The Paris terrorist attacks last month were primarily seen as an attack on freedom of speech. Millions attended the rally of national unity, and 40 world leaders were amongst the crowds remembering the victims and supporting the right to free speech.
Since then, freedom of speech has become an important topic of discussion, be it through pens held aloft at marches in support of Charlie Hebdo and the cartoons printed in memory of those killed, or through protests around the world by Muslims against images of their Prophet and suggestions that some leaders attending the Paris rally were hypocrites for quashing free speech in their own countries.
Perhaps the most challenging contribution to this debate came from Pope Francis, who said that freedom of speech and expression are fundamental rights but that “you cannot insult the faith of others”, adding that if a friend “says a curse word against my mother, he can expect a punch”. To many people, his stance was a contradiction to the very essence of free speech.
However, it is worth remembering that there is no absolute right to freedom of speech in the UK. Article 10 of the European Convention on Human Rights (incorporated into British law by the Human Rights Act 1998) provides for the right to freedom of expression subject to various conditions that are “in accordance with the law” and “necessary in a democratic society”.
Until recently, the law on defamation in England and Wales was so far-reaching that it helped generate tens of millions of pounds each year for the legal industry under what came to be known as ‘libel tourism’. Complainants from around the world could fight their cases at the High Court simply because the libellous comments were published on a website accessible in the UK. Libel tourism has now all but ended under the Defamation Act 2013.
Racial hatred is banned in Britain under the Public Order Act 1986, and some of the cartoons printed by Charlie Hebdo in the past may have been prohibited for stirring up racial hatred, even if that was never the intention. Religious hatred is also banned under the same act, although that hatred would need to be though threatening acts rather than just abusive or insulting, thus protecting the freedom of expression against religious beliefs and practices.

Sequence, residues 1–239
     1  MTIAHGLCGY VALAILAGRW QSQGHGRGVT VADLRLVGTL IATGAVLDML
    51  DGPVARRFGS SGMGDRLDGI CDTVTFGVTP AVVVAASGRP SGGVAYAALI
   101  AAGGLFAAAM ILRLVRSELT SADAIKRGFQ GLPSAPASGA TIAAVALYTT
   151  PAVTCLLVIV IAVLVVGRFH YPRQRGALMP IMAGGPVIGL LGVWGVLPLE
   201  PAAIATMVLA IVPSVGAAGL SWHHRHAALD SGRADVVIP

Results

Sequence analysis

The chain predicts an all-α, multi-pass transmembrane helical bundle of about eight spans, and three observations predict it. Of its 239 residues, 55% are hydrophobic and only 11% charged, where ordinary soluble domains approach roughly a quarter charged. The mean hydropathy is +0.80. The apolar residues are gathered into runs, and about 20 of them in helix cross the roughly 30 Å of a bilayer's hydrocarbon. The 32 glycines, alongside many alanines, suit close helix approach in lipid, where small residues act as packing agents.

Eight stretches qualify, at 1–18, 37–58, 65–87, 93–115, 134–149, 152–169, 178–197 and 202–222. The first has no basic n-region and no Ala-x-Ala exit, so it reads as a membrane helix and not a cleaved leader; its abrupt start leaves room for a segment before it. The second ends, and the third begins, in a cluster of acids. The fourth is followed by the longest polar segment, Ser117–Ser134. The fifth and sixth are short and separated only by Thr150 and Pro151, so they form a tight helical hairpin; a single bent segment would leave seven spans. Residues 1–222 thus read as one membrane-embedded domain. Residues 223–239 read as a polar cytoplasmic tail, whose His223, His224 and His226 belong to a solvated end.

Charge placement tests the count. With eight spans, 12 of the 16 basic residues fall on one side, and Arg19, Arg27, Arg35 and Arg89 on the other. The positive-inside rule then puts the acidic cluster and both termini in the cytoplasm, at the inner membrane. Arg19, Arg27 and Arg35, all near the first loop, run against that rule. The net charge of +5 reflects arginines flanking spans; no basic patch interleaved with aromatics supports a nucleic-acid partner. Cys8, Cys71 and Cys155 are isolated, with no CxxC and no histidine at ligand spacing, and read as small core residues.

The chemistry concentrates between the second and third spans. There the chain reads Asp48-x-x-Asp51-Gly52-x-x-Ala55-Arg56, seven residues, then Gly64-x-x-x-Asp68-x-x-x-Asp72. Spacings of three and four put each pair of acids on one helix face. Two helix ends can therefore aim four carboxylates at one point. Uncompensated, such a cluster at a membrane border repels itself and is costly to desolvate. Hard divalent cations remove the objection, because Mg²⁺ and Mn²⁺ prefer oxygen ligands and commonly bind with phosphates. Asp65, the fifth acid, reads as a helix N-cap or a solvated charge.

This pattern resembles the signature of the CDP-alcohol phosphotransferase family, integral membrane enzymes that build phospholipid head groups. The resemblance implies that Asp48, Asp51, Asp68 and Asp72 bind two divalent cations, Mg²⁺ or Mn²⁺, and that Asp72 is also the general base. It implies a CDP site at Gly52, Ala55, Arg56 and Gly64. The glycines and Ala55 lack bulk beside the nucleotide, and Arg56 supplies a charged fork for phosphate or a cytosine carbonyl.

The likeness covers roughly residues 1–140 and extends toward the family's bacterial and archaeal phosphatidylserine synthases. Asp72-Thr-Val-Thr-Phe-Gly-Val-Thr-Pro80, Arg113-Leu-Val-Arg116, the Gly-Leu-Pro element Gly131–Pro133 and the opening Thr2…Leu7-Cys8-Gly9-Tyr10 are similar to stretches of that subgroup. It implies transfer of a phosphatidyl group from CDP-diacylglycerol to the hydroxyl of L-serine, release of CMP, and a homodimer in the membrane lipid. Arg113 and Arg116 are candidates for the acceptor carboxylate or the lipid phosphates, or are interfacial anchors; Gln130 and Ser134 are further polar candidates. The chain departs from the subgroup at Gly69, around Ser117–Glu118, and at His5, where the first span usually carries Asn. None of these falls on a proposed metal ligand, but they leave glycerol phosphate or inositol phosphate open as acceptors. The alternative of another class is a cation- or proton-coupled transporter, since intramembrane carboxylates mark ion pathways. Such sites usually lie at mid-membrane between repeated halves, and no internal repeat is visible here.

Add to the mix the laws prohibiting hatred on the ground of sexual orientation, the ban on glorification of or incitement to terrorism, indecency laws, restrictions on Court reporting, classified material, censorship of films and video games, injunctions, super-injunctions and much more besides, and it is plain to see that speech in the UK is anything but free.
Should there be complete freedom of speech, or should it come with limitations? Was the Pope right to say what he did, namely that we should respect what people hold dear and adjust our language out of courtesy to others? Most of us would probably agree that making jokes in poor taste after a tragic event should be avoided, even if we would never want a law to prevent it. If we exercise self-censorship, can we ever have free speech?
Some actions can have awful consequences, such as the deaths in Niger, but is it possible to lay blame at the door of those who have only printed a cartoon? Can an artist be held responsible for what is done as a result of his or her art? Can a religion be held responsible for what is done allegedly in its name? We should bear in mind that the 12th person killed by the gunmen was a Muslim policeman trying to defend the lives of artists who had ridiculed his faith.
Freedom of expression in modern British society has generally been based upon respect and politeness towards others and an acceptance of derision of public figures and the establishment, including religion. Until now, that has served us as a happy medium to strike – the balance between respect and ridicule, civility and satire.
In the age of social media, where instant reactions are encouraged and where ridicule is replaced by ever offensive and threatening language, our current legislation is probably more important than ever to help guide those parameters of acceptable free speech. Otherwise we may be at risk of forgetting what freedom of expression truly means in Britain today.